Notably, at the reception of the group by the hosts, the Mohawk community of Akwesasne had a different view of this coming together of youthful adults from different backgrounds, nations and race. To them it was more than just a coming together of young adults. In their own words, the elders described the tour as “The fulfilment of a prophecy,” and went further to elaborate that “it was prophesied that one day people of all colours[i] and from all nations would come together. It was further explained that this means accepting each other as part of the same ‘stalk,’ even though we are separated by political, [racial], cultural and economic boundaries[ii]” (Rubara 2013).
Riding 300 kilometres along the St. Lawrence River from Akwesasne to Tyendinaga[iii] was a great opportunity to learn from the communities we visited and from each other. Along the way, the tour members facilitated a theatre-based workshop which was an adaptation of Kairos Canada’s Blanket Exercise[iv] used to raise awareness of the nation to nation relationship between Indigenous and non-Indigenous peoples in Canada. The overall goal was to learn about mutual responsibilities human beings have to each other and to the earth, and to gather the courage and skills to live them out.
The Mohawk Community of Akwesasne
To begin the learning journey, the group spent the first four days at Thompson Island with trips to the Traveling College on Cornwall Island. These initial days served as an orientation period for the group on the traditional and cultural beliefs and practices of the Mohawk community of Akwesasne in Cornwall Ontario. The orientation was carried out by leading figures within the community. Giving insights on different topics, the group was taken through a number of historical narratives which were, in my view, both enlightening on the one hand, and on the other hand raised a number of concerns. The concerns here are related to peaceful coexistence among the native communities and between native and non-native community members. The most disturbing of all was the community’s sense of superior nature and their plight for “self-determination.”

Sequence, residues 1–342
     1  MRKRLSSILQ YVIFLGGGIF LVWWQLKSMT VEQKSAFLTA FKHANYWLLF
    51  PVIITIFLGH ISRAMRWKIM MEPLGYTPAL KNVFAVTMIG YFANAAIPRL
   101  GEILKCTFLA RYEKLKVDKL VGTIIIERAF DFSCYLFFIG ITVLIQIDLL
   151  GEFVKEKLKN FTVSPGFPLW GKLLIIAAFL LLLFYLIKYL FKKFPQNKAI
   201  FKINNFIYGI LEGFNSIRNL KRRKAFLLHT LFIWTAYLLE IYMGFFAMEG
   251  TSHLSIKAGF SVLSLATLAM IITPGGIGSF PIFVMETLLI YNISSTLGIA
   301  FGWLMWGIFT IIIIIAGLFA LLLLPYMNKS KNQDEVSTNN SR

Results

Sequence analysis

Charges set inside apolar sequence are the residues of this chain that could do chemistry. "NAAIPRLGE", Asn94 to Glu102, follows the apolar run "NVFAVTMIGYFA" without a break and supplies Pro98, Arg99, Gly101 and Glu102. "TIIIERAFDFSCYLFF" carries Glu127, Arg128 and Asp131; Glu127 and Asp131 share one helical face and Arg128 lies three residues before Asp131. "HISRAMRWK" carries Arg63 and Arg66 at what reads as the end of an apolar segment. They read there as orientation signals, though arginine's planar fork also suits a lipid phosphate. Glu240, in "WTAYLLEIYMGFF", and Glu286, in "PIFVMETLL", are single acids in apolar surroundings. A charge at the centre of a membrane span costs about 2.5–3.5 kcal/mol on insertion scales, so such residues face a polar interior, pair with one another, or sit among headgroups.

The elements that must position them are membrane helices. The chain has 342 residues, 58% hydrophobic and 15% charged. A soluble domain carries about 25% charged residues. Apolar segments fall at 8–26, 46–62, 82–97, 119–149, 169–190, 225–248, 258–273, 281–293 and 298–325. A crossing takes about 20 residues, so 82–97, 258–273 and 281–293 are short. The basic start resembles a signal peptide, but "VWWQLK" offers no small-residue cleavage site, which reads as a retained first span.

The Mohawk community of Akwesasne is an island “nation[v]” along the St. Lawrence River whose territory spreads between the provinces of Quebec, Ontario and New York State in Canada and the United States of America respectively. The Mohawk community of Akwesasne is small but well organised and endowed, compared to other First Nation territories in Canada. Looking at other First Nation communities living in the reserves around Campbellford/Cobourg Ontario, the Mohawk community in Akwesasne is better off materially. This success according to the community members is attributed “to self-determination and being proactive in demanding [their] rights from the federal government.” From various discussions it was evident that the Mohawk community of Akwesasne had less regard for the other First Nations communities who did not share their approach to self-regulation and governance. This notion alluded to the fact that other First Nations community members in other parts of Canada are “timid and easily distracted by the little money the federal government is offering to status bearers.” The Mohawk community of Akwesasne’s success is also attributed to tobacco trading. The latter was not so much talked about by the majority of the members of the community.